The Impact of Government Policies on the Profiles and Attitudes of Academics in Two Emerging Economies: Brazil and Mexico

  • Jorge Martínez Stack
  • Marion LloydEmail author
  • Imanol Ordorika
Part of the The Changing Academy – The Changing Academic Profession in International Comparative Perspective book series (CHAC, volume 13)


Of the roughly a dozen Latin American universities that figure in the international rankings, half are Brazilian, while just one is Mexican. This disparity is largely the result of the differences between the two countries’ economic development models. Since the 1960s or before, Brazilian higher education policy has focused on developing a competitive research sector as part of a broader strategy for economic development. In contrast, Mexican government policies have largely focused on increasing access to higher education, with limited investment in science and technology. Such differences appear to have an impact on the perceptions of academics in both countries toward their profession, as well as in their scientific production. In this paper we examine the differences and similarities between the academic professions in Latin America’s two largest nations, using the results from the CAP survey of academics in Brazil and Mexico. In particular, we examine data in the following areas: professional trajectories and profiles; education levels; workplace conditions; teaching and research activities; levels of scientific production; and opinions and attitudes toward academic activities.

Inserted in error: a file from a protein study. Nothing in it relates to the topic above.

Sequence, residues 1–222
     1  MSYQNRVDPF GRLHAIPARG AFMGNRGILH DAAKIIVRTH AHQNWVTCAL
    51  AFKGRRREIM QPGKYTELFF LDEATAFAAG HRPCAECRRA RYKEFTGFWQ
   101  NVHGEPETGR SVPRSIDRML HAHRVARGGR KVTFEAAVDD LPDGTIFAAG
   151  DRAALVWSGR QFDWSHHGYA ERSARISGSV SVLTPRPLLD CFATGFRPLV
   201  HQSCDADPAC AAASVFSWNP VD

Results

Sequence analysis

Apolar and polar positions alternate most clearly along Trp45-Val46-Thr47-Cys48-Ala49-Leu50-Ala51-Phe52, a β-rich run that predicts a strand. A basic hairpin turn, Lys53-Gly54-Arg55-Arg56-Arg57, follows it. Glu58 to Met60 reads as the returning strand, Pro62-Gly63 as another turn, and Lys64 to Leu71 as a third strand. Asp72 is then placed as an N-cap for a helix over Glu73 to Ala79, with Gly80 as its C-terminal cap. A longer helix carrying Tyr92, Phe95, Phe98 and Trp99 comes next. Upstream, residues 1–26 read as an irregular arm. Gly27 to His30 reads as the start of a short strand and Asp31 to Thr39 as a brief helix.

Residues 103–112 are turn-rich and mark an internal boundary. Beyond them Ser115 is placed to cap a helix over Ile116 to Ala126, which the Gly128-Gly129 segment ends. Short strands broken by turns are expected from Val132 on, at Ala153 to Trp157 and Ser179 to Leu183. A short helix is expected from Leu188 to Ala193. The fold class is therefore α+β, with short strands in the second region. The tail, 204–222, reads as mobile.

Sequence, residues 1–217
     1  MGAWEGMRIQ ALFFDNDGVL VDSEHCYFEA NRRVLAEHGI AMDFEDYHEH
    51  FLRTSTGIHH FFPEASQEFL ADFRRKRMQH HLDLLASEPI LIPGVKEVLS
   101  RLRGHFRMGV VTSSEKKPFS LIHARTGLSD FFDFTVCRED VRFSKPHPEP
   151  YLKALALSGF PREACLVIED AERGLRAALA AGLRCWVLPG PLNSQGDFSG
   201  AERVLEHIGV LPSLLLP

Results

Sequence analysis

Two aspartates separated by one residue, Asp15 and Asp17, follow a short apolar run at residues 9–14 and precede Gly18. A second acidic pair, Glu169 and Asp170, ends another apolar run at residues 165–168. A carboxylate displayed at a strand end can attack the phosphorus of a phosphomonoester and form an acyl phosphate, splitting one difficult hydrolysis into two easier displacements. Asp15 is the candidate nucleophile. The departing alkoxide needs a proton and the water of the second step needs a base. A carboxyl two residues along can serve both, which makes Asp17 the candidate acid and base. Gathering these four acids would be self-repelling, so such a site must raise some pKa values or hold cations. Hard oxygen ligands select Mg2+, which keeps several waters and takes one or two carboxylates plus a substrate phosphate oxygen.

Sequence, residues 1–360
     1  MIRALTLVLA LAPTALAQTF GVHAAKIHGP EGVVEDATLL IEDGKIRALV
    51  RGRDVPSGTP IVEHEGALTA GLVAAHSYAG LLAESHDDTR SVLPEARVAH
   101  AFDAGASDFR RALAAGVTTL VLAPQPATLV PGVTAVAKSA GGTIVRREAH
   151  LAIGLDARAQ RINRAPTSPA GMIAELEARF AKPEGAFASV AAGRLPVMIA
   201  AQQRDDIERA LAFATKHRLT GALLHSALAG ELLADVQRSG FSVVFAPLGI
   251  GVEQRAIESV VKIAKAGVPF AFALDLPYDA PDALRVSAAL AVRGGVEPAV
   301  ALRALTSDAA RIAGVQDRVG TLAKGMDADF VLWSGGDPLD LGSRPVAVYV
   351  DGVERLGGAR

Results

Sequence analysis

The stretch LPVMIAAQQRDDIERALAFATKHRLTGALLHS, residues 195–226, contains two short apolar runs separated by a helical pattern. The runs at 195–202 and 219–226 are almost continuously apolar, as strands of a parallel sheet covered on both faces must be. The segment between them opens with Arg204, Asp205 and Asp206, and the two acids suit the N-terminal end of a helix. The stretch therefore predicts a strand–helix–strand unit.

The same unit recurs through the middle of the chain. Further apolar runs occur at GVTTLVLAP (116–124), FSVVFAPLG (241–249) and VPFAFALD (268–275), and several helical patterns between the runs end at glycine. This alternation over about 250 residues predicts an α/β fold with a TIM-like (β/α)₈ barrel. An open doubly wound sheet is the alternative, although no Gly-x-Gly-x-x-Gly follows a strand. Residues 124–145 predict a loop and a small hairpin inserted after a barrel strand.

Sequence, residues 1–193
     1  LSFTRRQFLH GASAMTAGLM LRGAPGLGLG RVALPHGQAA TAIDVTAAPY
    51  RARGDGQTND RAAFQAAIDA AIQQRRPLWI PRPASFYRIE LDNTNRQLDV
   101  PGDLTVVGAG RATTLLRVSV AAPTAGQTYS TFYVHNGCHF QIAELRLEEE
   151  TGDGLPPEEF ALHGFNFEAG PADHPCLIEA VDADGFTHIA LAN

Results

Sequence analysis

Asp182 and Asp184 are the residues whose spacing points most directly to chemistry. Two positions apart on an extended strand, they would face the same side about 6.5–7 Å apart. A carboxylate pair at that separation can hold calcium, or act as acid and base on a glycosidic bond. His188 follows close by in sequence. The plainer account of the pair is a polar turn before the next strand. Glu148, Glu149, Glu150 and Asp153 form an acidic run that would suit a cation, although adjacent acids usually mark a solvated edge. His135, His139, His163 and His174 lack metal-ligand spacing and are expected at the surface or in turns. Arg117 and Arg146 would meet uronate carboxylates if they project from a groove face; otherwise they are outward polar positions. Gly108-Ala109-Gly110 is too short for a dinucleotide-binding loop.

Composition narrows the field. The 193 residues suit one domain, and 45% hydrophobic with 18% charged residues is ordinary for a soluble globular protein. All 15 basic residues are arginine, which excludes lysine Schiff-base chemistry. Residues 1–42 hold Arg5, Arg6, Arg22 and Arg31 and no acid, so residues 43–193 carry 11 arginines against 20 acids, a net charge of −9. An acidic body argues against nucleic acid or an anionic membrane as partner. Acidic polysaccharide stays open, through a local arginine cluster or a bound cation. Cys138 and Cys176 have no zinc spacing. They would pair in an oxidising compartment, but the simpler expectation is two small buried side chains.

High Education High Education System Public High School Academic Profession Tertiary Enrollment 
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Copyright information

© Springer International Publishing Switzerland 2015

Authors and Affiliations

  • Jorge Martínez Stack
    • 1
  • Marion Lloyd
    • 1
    Email author
  • Imanol Ordorika
    • 1
  1. 1.National Autonomous University of Mexico (UNAM)Mexico CityMexico

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